Back in mid-February, I wrote about a piece about Cal State Fullerton's Daily Titan student paper in which one of the paper's writers, April Ehrlich, went on a tirade against a vegan friend who had purportedly offended her by not eating animal products when invited along on a camping trip. Her piece read like an indignant entry in a sixth grader's diary (no offense to sixth graders--I've no doubt that many of you could hop-skip circles around her where maturity is concerned) and seemed more of a fabrication mustered up to provide Ehrlich with an excuse to take a swipe at vegans. Why? Who knows why anyone chooses to use public forums to attack any group of people hatefully, really. Just last week, Ehrlich pretty much confirmed my hunch that she had just been out to spew a couple of vitriolic passages to perpetuate stereotypes about vegans, when she wrote yet another awkwardly-written and hostile piece for the paper ("Assassinating apples").
She starts off writing about a "small population of responses"--people who had apparently confirmed with her that they, too, "had experienced pomposity regarding a 'showing off' of prominent cruelty-free diets". Then Ehrlich goes on to try to attempt to portray this "pomposity" by slipping in that she supposedly forgot to mention that she too had apparently recently decided to "embrace" veganism. Laced with the sort of sarcasm that's smelly for want of cleverness, Ehrlich describes how "loose vegetarianism" had been her starting point and that she'd occasionally eat meat "for the sake of loved ones and cultural experiences" until things supposedly changed:
I have decided to stop eating fish and other animal-murdering substances such as gelatin and broth. In addition to this, I have nixed all forms of dairy from my diet, such as cheese, yogurt and ice cream.
Why? Well, let’s just say a light has shone upon me. I now understand why anybody would call an egg-frying, milk-chugging vegetarian an insufferable monster that was raised off a family of twits. Veganism, after all, stretches all the way back to the 1940s. At this point, how can anybody NOT understand and bow down to vegan culture?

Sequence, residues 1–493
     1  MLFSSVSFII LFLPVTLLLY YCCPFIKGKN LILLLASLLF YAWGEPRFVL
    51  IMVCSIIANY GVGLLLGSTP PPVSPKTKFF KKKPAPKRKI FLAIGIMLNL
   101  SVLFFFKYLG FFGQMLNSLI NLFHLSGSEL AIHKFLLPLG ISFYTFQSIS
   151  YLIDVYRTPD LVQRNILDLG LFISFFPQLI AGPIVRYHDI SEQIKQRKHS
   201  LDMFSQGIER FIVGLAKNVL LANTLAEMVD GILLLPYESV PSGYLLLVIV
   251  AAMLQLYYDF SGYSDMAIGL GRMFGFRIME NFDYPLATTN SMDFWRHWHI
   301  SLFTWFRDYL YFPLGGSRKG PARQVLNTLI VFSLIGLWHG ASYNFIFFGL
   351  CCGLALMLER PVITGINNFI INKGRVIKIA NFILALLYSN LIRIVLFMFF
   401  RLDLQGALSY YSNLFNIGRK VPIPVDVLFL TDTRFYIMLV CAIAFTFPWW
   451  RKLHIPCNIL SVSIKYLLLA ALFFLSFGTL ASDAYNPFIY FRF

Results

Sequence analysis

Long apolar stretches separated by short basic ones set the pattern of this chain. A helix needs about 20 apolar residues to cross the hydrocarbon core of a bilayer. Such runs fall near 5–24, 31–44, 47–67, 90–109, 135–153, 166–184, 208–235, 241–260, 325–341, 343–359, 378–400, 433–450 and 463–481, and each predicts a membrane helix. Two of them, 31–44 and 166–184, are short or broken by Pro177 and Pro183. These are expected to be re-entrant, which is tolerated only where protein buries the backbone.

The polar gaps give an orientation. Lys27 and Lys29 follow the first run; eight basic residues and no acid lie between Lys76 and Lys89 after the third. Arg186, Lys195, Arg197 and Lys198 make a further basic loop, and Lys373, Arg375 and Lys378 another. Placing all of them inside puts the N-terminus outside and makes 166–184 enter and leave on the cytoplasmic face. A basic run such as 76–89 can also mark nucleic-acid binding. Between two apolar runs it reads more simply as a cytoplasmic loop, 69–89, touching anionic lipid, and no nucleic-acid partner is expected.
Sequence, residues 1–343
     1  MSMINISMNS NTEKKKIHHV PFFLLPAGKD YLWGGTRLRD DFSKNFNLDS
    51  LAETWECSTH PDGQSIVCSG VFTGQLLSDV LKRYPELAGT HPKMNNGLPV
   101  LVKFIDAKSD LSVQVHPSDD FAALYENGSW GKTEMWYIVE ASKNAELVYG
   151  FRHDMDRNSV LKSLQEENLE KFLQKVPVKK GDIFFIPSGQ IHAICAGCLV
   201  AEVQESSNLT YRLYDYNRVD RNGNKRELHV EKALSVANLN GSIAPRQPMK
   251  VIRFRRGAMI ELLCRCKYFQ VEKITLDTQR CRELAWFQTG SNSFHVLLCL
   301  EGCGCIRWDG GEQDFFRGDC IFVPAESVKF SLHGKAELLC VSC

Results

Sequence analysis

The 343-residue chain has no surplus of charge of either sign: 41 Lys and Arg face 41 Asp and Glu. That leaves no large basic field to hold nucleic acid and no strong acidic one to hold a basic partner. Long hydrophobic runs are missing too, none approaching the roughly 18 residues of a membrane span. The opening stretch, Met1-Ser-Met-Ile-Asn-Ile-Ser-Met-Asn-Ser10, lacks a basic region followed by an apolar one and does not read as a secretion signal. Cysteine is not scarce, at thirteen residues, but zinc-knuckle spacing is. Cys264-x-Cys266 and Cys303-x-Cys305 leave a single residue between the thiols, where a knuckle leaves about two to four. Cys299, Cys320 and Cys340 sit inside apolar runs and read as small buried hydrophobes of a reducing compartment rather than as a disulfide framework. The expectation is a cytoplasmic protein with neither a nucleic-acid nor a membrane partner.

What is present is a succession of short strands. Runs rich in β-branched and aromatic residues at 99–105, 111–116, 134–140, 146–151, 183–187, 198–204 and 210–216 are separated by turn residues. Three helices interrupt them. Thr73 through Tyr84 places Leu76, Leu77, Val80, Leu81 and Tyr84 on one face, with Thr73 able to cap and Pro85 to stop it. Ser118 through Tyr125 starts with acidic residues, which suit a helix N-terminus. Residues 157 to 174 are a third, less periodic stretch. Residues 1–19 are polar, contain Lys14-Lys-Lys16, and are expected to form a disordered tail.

Ehrlich continues, mentioning Americans' being "so good at understanding and embracing diversity", but of how her newfound veganism convincing her to reject this American trait or custom to instead tell all of her "omnivore friends, family and casual acquaintances that they are wrong". How wrong, according to her vegan-caricatured self?
I don’t care if you were raised off chicken fingers, or if your species had developed canine teeth after billions of years of natural selection – your culture and your beliefs are completely wrong, and better yet, monstrous.I mean, where does one even begin with something like this? Has she been skimming through the anti-animal rights Weston A. Price Foundation's website?
But then she slips out of caricature long enough to flip things around to display a fairly mangled understanding of basic plant reproductive biology by going on about how vegans are somehow responsible (because non-vegans obviously don't consume any plant-based foods?) for damaging plants' leaves when fruit is picked and somehow interfering with photosynthesis, and damaging stems and thus depriving insects and birds of nutrients from flowers these stems would ordinarily "hold up" for them. Because of this, Ehrlich asserts that she's in fact become a "fruitarian" to set herself apart from "those barbaric vegans wolfing down standard store-bought fruit". The whole thing, of course, devolves into that old familiar and dearly unoriginal taunt found in the comments sections of articles dealing with animal rights in tabloid papers the world over: "Well, it looks like the least hypocritical way to avoid the exploitation of animals and natural sources is to just stop eating altogether."
I'm not sure if Ehrlich thinks that she is being humorous. Other than appealing to a small pocket of prejudiced readers who might delight in her jeers and find value in her clichés and stereotypes, I'm not certain who would benefit from her writing. Surely it isn't anyone whose reading interests reflect any sort of basic intelligence or open-mindedness. Surely it isn't the students at her school who take the interests of nonhuman animals seriously and who live their lives accordingly (and who seem to be her intended targets). The sad thing about all of this is that were Ehrlich writing about a group of people whose lifestyle choices are grounded in anything other than straightforward ethics, her piece could easily be deemed hate literature by some. Instead, we're left to hold it at arm's length as just another hostile and badly-written piece of filler in a college paper in Ehrlich's diversity-embracing America.